Two Tablespoons dried cranberries (Craisins)
8 to 10 dried apricots, snipped into small pieces
2 Cutie tangerines, cut into small pieces
Mix together and add a Tablespoon of raspberry vinaigrette and let set for a half hour or more.
Slice cooked (preferably grilled) chicken breast. (The marinating sauce and grilling was described in the previous post.)
Toss 4 cups of mixed greens with the fruit, adding more dressing if desired.
Divide onto two plates, top with sliced chicken and sprinkle with crumbled goat cheese.
Lick lips, eat and enjoy.
And then there is this, from her own hand:
A few days after we moved to our new house I was awakened by an irritating tap, tap, tapping outside my bedroom window.
Bruce had told me a day or two earlier that he had seen a Gila woodpecker clinging to the side of the house. It didn't take long to put two and two together.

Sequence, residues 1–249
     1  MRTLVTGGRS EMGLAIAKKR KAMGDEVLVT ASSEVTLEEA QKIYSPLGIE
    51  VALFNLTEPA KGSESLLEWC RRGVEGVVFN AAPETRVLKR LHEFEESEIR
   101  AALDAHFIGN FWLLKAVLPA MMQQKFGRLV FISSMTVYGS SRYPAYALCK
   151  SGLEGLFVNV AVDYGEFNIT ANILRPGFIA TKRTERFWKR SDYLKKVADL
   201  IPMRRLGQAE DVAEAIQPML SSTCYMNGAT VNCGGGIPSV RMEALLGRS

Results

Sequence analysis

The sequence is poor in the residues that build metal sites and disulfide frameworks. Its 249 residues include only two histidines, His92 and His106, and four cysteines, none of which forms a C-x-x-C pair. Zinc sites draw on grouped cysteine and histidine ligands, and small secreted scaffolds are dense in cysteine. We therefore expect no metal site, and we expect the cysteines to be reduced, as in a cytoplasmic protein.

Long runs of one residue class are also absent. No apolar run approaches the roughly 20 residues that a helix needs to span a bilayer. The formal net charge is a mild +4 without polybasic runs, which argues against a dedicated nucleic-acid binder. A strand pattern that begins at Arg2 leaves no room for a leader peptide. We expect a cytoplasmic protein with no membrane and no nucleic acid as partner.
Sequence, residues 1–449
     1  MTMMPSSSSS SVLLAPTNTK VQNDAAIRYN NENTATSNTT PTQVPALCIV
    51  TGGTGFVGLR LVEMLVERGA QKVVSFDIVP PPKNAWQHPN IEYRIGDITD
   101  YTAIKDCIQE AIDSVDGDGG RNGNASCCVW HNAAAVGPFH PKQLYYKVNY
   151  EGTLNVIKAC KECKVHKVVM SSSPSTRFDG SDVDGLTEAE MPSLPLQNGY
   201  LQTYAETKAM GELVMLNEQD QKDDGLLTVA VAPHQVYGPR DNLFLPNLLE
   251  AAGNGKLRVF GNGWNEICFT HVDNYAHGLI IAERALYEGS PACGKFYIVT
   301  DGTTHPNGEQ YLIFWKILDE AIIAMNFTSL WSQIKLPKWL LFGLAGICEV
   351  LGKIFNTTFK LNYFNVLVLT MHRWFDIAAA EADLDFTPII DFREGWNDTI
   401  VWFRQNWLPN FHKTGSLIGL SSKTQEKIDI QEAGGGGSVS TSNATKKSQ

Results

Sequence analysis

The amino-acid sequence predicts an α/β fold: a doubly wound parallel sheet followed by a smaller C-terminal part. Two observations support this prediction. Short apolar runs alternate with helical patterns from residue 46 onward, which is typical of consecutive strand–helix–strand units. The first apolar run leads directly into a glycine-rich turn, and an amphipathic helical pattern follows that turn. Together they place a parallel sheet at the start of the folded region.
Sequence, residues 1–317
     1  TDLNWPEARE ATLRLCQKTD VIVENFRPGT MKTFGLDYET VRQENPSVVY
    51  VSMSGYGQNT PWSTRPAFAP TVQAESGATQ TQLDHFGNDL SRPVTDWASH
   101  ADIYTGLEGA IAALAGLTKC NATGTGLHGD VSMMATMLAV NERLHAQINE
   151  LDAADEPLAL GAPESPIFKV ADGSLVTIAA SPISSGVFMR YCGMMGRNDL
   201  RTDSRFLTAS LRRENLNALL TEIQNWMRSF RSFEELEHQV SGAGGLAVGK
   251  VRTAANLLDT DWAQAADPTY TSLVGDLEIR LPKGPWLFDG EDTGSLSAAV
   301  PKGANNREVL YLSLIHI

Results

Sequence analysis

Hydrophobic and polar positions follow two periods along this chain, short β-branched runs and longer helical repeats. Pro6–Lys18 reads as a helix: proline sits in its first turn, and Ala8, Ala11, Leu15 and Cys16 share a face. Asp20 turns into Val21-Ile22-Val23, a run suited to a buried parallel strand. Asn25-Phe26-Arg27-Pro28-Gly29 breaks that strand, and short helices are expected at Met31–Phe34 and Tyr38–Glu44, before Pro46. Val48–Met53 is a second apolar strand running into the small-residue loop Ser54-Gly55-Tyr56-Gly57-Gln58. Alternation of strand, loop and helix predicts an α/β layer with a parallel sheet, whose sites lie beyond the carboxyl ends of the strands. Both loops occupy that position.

Day after day, at the crack of dawn, this bird pecked at the house and alternately screeched. It sounded like frustration to me.
We investigated and found a round hole about an inch wide, high under the eaves.
I surmised that the bird was trying to widen the hole so a nest could be built inside. If you have ever tried to drive a nail through stucco you know how hard it is. Frustrating. So . . . we had to plug the hole.
Bruce insisted he would be the one to climb the eight foot ladder for the operation. I made a ball of foil, got out the Gorilla Glue and a spray bottle of water (this glue is activated by water.)
Bruce climbed the ladder and I handed him each item while steadying the ladder. He sprayed the hole with water, sprayed the foil with water, put glue around the edge of the hole and stuffed the foil ball into the hole. Voila!
We speculated what might happen if the woodpecker arrived before the glue had set up completely. Picturing a bird trying to get his beak unstuck was quite an image. It has now been 24 hours and the tapping has stopped. Success?
Or maybe the woodpecker died laughing at two old human beings who would go to such lengths to "foil" his plans.
(Editor's note: This is a Gila woodpecker.)